Sunday evening was a very special one for Hockey in India. In a truly remarkable game in which they were losing 2-0 at half time and 2-1 at three quarter time against world number two side the Netherlands, India went into a 5-3 lead in the final quarter only to squander it with five seconds left on the clock. With the game locked at 5-5 it was time for a shoot-out, which India won 3-2. This was their first medal in a major international tournament for 33 years.
Not surprisingly the media and the fans were ecstatic. The style in which they achieved their bronze medal was something that will live long in the memory of those who were there and those who watched on television. In the euphoria of their success many were suddenly talking of India finally finishing on the podium in Rio next year. This is of course what every hockey fan in the country dreams of after an absence of 35 years.
India has won 8 hockey gold medals, six of them consecutively. They are the most successful hockey nation at the Olympic Games, yet with the dawn of the synthetic pitch, – a move many in India believed was introduced to bring them back to the pack, – they have struggled to match the success of the past.
In truth there is not time to theorise the reasons why India has dropped down the world rankings here, as there are many contributing factors. The positive news is that they are finally closing the gap on the top teams and becoming more competitive, and so there is hope that they can achieve a podium finish; Yet to expect that in Rio would appear foolhardy.
The Hockey India League has certainly helped Indian players. Being exposed to world class coaches from overseas has benefitted many of the younger players. Playing alongside Olympic Gold medallists and World Champions has also helped in terms of young players seeing what it takes to reach that level, the dedication, the focus at training, the discipline and continued practise. Sadly once the HIL comes to an end each year the players lucky enough to be a part of a Franchise head back to their provinces and much of what they have learned is forgotten. That is not good for the Hockey India League or the players. Hockey India needs to ensure that the areas that the Franchise coaches want players to work on are worked on in the coming year so that the league improves as well as the individual players.
There is no doubt that the success that this group of players has just enjoyed stemmed from playing alongside many of their opponents. This has made them feel on a par with them, whether they are ranked number one in the world or not.
In the lead up to the World League Finals India lost one test, drew another, and won a third against the world number one Australians; proving they can compete. Yet in a tournament one still expects the mentally tough Australians to have the edge. In the World League finals they drew with both the world number two and three ranked teams, Netherlands and Germany, beating the former in a shoot out.
They beat the fourth ranked team Great Britain in the quarter finals. But lost to the fifth ranked side, Argentina in their first pool match and also the team ranked one place below them in the world rankings, Belgium in the semi finals.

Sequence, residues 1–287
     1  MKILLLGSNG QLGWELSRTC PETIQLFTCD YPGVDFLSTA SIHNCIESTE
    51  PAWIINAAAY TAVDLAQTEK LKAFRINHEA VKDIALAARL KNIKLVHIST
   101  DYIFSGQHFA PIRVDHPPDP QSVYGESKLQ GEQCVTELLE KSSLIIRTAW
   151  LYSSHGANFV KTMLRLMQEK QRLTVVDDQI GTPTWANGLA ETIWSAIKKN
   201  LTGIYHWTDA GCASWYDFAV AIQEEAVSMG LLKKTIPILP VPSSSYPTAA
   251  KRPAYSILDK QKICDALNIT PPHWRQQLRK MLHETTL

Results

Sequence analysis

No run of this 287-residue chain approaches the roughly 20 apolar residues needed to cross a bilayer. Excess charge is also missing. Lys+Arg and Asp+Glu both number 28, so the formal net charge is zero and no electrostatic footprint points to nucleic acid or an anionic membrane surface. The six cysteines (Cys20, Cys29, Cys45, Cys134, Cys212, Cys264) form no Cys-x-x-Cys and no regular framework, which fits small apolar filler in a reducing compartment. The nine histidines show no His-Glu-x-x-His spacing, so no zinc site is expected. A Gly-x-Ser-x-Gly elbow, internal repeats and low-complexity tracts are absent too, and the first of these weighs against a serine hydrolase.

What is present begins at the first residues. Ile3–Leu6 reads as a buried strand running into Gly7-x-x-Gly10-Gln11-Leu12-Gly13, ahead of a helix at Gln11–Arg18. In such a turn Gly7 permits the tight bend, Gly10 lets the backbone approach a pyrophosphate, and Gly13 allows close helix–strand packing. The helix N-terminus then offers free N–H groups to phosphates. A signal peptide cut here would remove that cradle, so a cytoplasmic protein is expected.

So in the normal sixty minutes of match time India achieved only one victory in six games. Despite some very encouraging performances there is a great deal of work to be done between now and Rio if they are to seriously become medal contenders. They have shown they can match the best teams in the world, but have not yet shown that they can beat them.
In the Hockey World League semi finals they lost to Great Britain, Belgium and Australia by convincing margins. The finals have shown that in six months they have closed the gap. There is however still a great deal of work to be done.
The defence needs to be much tighter. They conceded goals in every game they played, and the second most goals in the tournament behind Canada. They won the least penalty corners in the tournament, which is not good when you look at the fact that 35% of their goals in the last two years have come from penalty corner conversions. Only Canada and Argentina scored less field goals than India of the 8 teams playing in the tournament. So there is plenty of work still be done.
One thing that was abundantly clear in the Bronze medal game is that India can no longer afford to have their captain lying deep in the midfield. Sardar caused the Netherlands all kinds of trouble when he pushed forward late in the match, with his wonderful passing skills he was able to feed the potent forward line more effectively. Manpreet showed that he is more than capable of manning the midfield.
There are plenty of positive signs but there is still plenty of work to be done before India is a serious medal contender. Come the Olympic Games there are no quarter finals. To be in with a chance of a medal teams must finish in the top two of their six team pool. India failed to win a game in their pool at the Hockey World League Final. Based on previous Olympic games they will have to win at least three games and pick up a draw or two to make the semi finals.
Having witnessed the scenes in Raipur, let us hope that the success achieved there will see the players focus on the hard work that needs to be done in the next 8 months and make the people’s dream a realistic possibility.